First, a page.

During lockdown we have been working closely with SOA, sportscotland and the Scottish Governing Bodies of the other outdoor sports to create a plan for how orienteering activities can resume once lockdown starts to ease. Following the First Minister’s announcement on 28 May 2020, we are pleased to be in a position to share Phase 1 of our Route Map for Orienteering reactivation.
Resumption of orienteering: Phase 1 United Kingdom
The updated UK government guidance published on 11 May 2020 permits the resumption of outdoor sports in England where you take part alone, within a household group, or with one person from outside your household from whom you must stay two metres apart at all times.
The updated guidance from the NI Executive published on 18 May 2020 permits Groups of 4 – 6 people who do not share a household can meet outdoors maintaining social distancing.
This will allow us to resume a limited set of individual orienteering activities in these parts of the country, as set out below.
There is no change to the current position in Scotland and Wales, and so orienteering activities in these parts of the UK must remain suspended for now.
As a sport, we must work together to resume orienteering responsibly as and when the relevant government determines it is safe to do so. The Board have committed to following the respective advice of each government, and therefore there are likely to be periods when types of orienteering activities permitted will vary between different parts of the UK, depending on the government guidelines and regulations.
In England and the Isle of Man, we moved to Phase 1 of the resumption of orienteering with effect from 14 May 2020.
In Northern Ireland, we will move to Phase 1 with effect from 22 May 2020.
This will mean that clubs and individuals can:
The full guidance can be downloaded here.
British Orienteering is publishing a series of interviews this week with GB athletes focusing on their training during lockdown. This series of interviews now continues with Sarah Jones GB elite athlete and member of Lakeland Orienteering Club.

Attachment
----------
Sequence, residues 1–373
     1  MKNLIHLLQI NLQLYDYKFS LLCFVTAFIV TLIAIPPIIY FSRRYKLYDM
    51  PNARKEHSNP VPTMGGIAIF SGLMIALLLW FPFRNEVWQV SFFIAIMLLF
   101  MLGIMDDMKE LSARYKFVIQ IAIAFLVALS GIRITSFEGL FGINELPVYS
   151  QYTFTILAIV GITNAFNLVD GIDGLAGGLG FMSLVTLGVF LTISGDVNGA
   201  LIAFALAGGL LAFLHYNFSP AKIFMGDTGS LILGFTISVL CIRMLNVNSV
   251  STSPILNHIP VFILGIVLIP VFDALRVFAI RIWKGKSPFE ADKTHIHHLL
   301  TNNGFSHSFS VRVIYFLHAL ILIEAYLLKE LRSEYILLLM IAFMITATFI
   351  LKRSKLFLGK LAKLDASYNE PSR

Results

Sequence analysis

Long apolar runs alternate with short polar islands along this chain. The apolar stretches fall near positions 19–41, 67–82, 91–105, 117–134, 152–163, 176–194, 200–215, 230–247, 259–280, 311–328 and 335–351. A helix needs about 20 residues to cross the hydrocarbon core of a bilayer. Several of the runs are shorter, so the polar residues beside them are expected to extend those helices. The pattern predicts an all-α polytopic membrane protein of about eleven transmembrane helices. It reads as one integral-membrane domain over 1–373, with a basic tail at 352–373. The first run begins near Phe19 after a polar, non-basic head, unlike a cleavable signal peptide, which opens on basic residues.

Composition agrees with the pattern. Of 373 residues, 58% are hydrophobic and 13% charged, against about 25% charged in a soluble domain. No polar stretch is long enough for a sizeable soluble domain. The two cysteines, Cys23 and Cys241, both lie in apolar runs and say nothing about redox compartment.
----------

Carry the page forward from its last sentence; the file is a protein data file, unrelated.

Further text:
Club: Lakeland Orienteering Club
How have the current restrictions impacted on your training?
Sarah: “My motivation for training has not been quite as strong since the start of lockdown due to the cancellation of events that training had been leading up to. Training has been less focussed, but I have used family challenges on Strava for a bit of competition. I have therefore been using lockdown mainly to rest and refresh ready to train properly again when there’s some competition dates in the diary!”
What advice have you got for other athletes or members in a similar position?
Sarah: “Enjoy your training, do it because you want to, not because you feel you have to. And don’t be afraid to take a day or two off.”
What is your number one Lockdown training session?
Sarah: “My favourite weekly training has been a lockdown 10km challenge which my family are doing. The aim being to improve your 10km time throughout lockdown. I also enjoy starting my days with Joe Wicks PE!”
Have you still been able to access support from your coach or orienteering athlete friends, and if so how?
Sarah: “I mainly use zoom to keep in touch with orienteering friends, core sessions/stretching are more fun when you know others are doing them too.”
What box sets have you been able to catch up on during Lockdown?
Sarah: “I’m not really watching any box sets at the moment, but I am a big fan of daytime TV quiz shows. A Harry Potter movie marathon may also be on the cards.”
Have you been doing any DIY tasks – anything you want to tell us about?
Sarah: “Mainly just helping with painting and decorating the lounge. One good thing about lockdown is it has forced us to get it finished.”
Anything else you wish to share on any other aspects of Lockdown training?
Sarah: “I really enjoyed taking in the Easter Lockdown Orienteering competition and am looking forward to the next one. These challenges help with the technical side of training. I hope when I go orienteering again, it will be more successful than my attempts on catching features!”
Thank you Sarah. Wishing you all the best with your on-going training.
As a sport, we must work together to resume orienteering responsibly as and when the relevant government determines it is safe to do so.
The Board of Directors at British Orienteering have committed to following the respective advice of each government, and therefore there are likely to be periods when types of orienteering activities permitted, vary between different parts of the UK, depending on the government guidelines and regulations.
The latest statement from British Orienteering can be found here.
Resumption of Orienteering
Implementation – Year 1
During the first year 2018-19 of implementation of the “Every Junior Matters” strategy, there has been good progress in several areas:
For a report on the first year of implementation, see here.
You can view the full "Every Junior Matters" Youth Strategy here.